In this, UKIP is the most forward thinking and progressive party which there is on Education.

The Labour party still parrots the same old line that everyone must go through the one-size-fits-all system, and the Conservative party pays lip service to Grammar schools, but despite 7 years in government has so far has not even repealed the ban on new Grammar schools.

In addition, their reliance on free schools to achieve new grammar schools will also not provide the radical change the country needs. We will see a few new grammar schools open in areas which already have them, and the vast majority of the country will be left out.

So what we must do is open grammar schools in every town and city across the country. There is huge demand for them, but despite this 115 out of 151 LEAs in England do not give parents or children this choice.

We also need far more technical schools like UTCs to teach vocational qualifications – an area which has been neglected for too long – we need to give our young people the skills to do things and make things and become a great manufacturing nation once again. Again, there should be technical schools in every town, city and borough in the country.

There is currently a demographic bulge in primary schools which is stretching primary schools to the limit. This baby boom will move up to secondary school level over the next 7 years, so we will need to open at least another 500 secondary schools as the secondary school population is set to increase by 500,000 by 2024.

Now is the perfect time to invest in grammar and technical schools all over the country, and invest in our young people. UKIP will commission a national plan to ensure that there are grammar schools and technical schools in every town, city and borough in the country. We need to look at the whole country and prioritise areas which currently do not have grammar or UTCs or other technical schools.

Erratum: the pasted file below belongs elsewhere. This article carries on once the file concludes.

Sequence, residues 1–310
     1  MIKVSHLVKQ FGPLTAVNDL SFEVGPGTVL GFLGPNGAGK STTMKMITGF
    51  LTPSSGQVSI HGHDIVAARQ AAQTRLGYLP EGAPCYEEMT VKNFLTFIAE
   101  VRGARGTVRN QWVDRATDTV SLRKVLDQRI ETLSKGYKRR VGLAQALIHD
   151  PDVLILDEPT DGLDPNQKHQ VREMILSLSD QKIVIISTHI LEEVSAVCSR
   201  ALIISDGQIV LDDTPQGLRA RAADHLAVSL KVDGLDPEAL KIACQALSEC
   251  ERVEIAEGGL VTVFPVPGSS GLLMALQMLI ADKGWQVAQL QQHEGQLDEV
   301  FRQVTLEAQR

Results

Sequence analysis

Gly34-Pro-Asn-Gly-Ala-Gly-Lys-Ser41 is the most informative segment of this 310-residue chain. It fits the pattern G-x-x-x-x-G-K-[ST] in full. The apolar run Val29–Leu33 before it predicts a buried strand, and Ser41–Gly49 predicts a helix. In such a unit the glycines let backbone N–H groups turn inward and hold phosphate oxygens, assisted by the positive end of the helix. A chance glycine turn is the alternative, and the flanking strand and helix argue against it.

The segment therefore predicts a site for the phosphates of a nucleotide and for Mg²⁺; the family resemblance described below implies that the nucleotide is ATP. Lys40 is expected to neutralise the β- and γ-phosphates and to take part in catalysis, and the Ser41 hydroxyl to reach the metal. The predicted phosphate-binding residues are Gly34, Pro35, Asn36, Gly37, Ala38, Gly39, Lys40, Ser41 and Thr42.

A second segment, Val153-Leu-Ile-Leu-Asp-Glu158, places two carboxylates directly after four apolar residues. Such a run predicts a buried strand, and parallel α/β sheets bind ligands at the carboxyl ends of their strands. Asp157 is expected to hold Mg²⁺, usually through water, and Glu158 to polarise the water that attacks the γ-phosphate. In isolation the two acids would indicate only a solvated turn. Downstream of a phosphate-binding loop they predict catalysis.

With our commitment to a national plan for 500 new grammar and technical schools, we can ensure that every one of England’s 151 LEAs will have at least 3 specialised grammar and/or technical schools by 2024.

It is time to ditch the ‘one-size-fits-all’ system which has beset our country for far too long. It is time for an education system where quite simply no child is held back.

Now when it comes to our Universities, they are of course fantastic for the right students, but it the wrong choice for many students who would be better off doing a Higher Apprenticeship and learning a trade. The target from the Blair government of getting 50% of school leavers to do a degree has blighted many young people for whom it is the wrong choice, and who are worse off at the age of 21 than they were at 18. The Universities collect the fees, graduates leave with an average debt of £44,000 pounds of unpayable debt and the taxpayer picks up the bill.

In addition, certain careers which never required a degree before, like nursing, and soon policing as well, have become graduate only professions. This is nonsense. Nursing and policing should be returned to on-the-job vocational training which will get more talent into these careers far earlier, cost the taxpayer far less money and end our dependence on cheap foreign labour to fill wholly unnecessary skills-gaps in these professions.

The HE sector needs to become lean and mean again, focusing teaching on high value academic subjects which are vital to our success as a nation such as STEMM subjects, while funding fewer courses which add little or no value to students or society.

In Medicine for example there are far too few places. In 2016 nearly 7,000 out of 15,000 British applicants did not get a place to study Medicine, most of them highly qualified. This is despite there being over 6,000 vacancies for doctors and 34,000 foreign doctors working in the NHS, and this scenario is replicated across the professions which rely of STEMM graduates.

As a country we must become self-sufficient in doctors again and end our dependence on plundering skilled workers from around the world because we do not train enough of our own skilled workers here. UKIP is committed to increasing the number of places available for British students to study Medicine by 3,000 per year.

To encourage recruitment and retention, student loans of all British graduates in STEMM subjects who work in their field in the UK will have their student loans paid back over the course of the loan while they continue to work in the UK.